Fourth Committee Approves without Vote Text Forwarding Report on Peacekeeping Operations for Adoption by General Assembly
Amidst concerns about transparency and working methods, the Fourth Committee (Special Political and Decolonization) approved, without a vote, a draft resolution forwarding the latest report of the Special Committee on Peacekeeping Operations for adoption by the General Assembly.
By the terms of the draft “Comprehensive review of the whole question of peacekeeping operations in all their aspects”, the Assembly would reiterate that Member States which become personnel contributors to United Nations peacekeeping operations in years to come, or that participate in the Special Committee for three consecutive years as observers, shall become members at that body’s following session.
Abdullah Attelb (Egypt), Rapporteur of the Special Committee, introduced the draft resolution (document A/C.4/76/L.19) and the report (document A/76/19) on peacekeeping operations, recalling its substantive session from 14 February to 11 March. He said the Working Group of the Whole and its two sub-working groups met from 21 February until 11 March to discuss and finalize the Special Committee’s recommendations, but no agreement was reached on the report’s substantive part.
Canada’s representative, speaking in his capacity as Chair of the Working Group of the Whole after the adoption, noted the many improvements in the working methods, such as the online repository of recommendations and hybrid negotiating sessions.
Egypt’s representative, however, was among several delegates who expressed regret that the outcome of the session was procedural rather than substantive, highlighting a “missed opportunity” to guide the Secretariat to provide actionable recommendations to missions in the field. Calling for a review of the Special Committee’s working methods, he emphasized that the five delegations which blocked the consensus on the report must understand the harm they have inflicted “on us, here in New York, and on our peacekeepers on the ground”.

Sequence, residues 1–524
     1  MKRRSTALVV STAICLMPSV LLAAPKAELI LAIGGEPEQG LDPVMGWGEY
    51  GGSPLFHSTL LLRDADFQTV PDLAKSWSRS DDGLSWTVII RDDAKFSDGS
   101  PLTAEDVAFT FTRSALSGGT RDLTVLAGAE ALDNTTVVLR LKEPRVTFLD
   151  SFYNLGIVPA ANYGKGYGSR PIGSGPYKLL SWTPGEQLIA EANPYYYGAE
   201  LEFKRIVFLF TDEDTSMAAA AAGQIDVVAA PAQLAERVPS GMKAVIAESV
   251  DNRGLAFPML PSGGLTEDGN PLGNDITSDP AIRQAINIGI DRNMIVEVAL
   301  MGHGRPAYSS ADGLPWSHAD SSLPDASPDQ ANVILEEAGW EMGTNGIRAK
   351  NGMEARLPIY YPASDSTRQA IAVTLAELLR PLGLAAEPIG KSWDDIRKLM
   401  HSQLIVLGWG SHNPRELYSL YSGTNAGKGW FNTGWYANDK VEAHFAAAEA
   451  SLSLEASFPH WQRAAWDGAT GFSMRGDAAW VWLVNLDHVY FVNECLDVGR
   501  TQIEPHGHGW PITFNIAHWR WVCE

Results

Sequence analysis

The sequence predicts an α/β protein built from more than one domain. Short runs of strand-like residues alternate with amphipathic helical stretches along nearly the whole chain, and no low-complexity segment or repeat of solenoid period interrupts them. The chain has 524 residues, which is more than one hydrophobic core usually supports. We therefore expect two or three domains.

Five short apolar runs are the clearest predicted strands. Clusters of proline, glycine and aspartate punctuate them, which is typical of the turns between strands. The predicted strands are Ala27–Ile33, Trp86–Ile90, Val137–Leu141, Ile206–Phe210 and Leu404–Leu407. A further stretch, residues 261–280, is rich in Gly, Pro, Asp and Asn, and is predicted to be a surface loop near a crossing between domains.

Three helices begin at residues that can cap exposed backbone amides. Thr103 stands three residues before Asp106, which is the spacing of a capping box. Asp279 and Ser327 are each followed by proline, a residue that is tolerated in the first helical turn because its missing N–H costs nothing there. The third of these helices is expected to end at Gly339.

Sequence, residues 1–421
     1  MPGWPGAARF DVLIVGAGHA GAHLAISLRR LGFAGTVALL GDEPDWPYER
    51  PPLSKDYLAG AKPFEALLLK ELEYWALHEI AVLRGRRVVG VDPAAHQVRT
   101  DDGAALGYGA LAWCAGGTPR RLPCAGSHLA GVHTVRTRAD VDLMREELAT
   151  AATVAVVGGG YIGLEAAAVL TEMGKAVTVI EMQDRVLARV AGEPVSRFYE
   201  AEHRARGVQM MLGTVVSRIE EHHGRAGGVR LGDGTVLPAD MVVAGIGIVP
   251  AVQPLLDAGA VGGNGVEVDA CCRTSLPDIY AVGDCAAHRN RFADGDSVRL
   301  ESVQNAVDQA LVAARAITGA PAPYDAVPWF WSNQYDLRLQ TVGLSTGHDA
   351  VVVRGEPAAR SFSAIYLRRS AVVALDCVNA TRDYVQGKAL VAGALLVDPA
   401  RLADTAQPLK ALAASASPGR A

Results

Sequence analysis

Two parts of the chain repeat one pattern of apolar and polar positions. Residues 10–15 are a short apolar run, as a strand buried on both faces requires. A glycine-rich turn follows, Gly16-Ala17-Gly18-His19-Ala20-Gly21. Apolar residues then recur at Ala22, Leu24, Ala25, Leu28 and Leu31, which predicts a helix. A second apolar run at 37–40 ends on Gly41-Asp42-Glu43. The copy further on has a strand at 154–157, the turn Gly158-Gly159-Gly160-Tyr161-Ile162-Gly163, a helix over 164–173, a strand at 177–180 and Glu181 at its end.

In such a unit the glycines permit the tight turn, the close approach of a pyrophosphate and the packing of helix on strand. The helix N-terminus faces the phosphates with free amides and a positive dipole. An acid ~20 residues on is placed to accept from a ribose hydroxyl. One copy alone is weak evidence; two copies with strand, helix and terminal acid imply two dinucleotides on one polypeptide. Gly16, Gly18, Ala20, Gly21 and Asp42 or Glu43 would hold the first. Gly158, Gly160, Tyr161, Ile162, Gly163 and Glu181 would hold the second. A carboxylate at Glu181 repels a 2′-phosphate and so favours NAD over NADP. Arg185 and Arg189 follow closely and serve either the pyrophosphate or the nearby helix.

Mexico’s delegate stressed that transparency in the Special Committee’s working methods is especially important.
Rwanda’s representative, recalling the stalemate in negotiations, proposed discussing and agreeing on the issue before the substantive discussion during the next session. He underlined that geopolitical differences should not impede intergovernmental negotiations, especially when consensus is the only mode of decision-making.
Pakistan’s representative, disagreeing with the notion that his delegation blocked the report, said a better way to frame it would be that some delegations were not in agreement with the outcome. That is the fundamental right of any sovereign State in a multilateral setting, he stressed. Setting out his concerns about the report, he said that, as a country that has so much in common with Africa, Pakistan had welcomed the inclusion of the subchapter on the African Union-United Nations partnership in 2021. “We aspired to build further on this,” he added, emphasizing, however, that Pakistan is not in agreement with a text that only makes a reference to last year’s language on partnerships and discards all the text presented by the Non-Aligned Movement at the beginning of negotiations.
Egriselda Aracely González López (El Salvador), Chair of the Special Committee, informed delegates of the informal meeting to be held on Friday, 22 April, to continue discussing working methods.
Also speaking today were representatives of Guatemala and the Philippines.